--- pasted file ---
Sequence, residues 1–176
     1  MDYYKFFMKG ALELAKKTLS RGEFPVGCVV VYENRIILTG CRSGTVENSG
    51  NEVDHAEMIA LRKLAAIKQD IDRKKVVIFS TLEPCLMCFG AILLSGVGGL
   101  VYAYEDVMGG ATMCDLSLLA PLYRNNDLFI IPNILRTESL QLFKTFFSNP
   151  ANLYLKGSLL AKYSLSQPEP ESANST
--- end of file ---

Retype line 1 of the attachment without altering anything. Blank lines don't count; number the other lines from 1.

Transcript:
Sequence, residues 1–176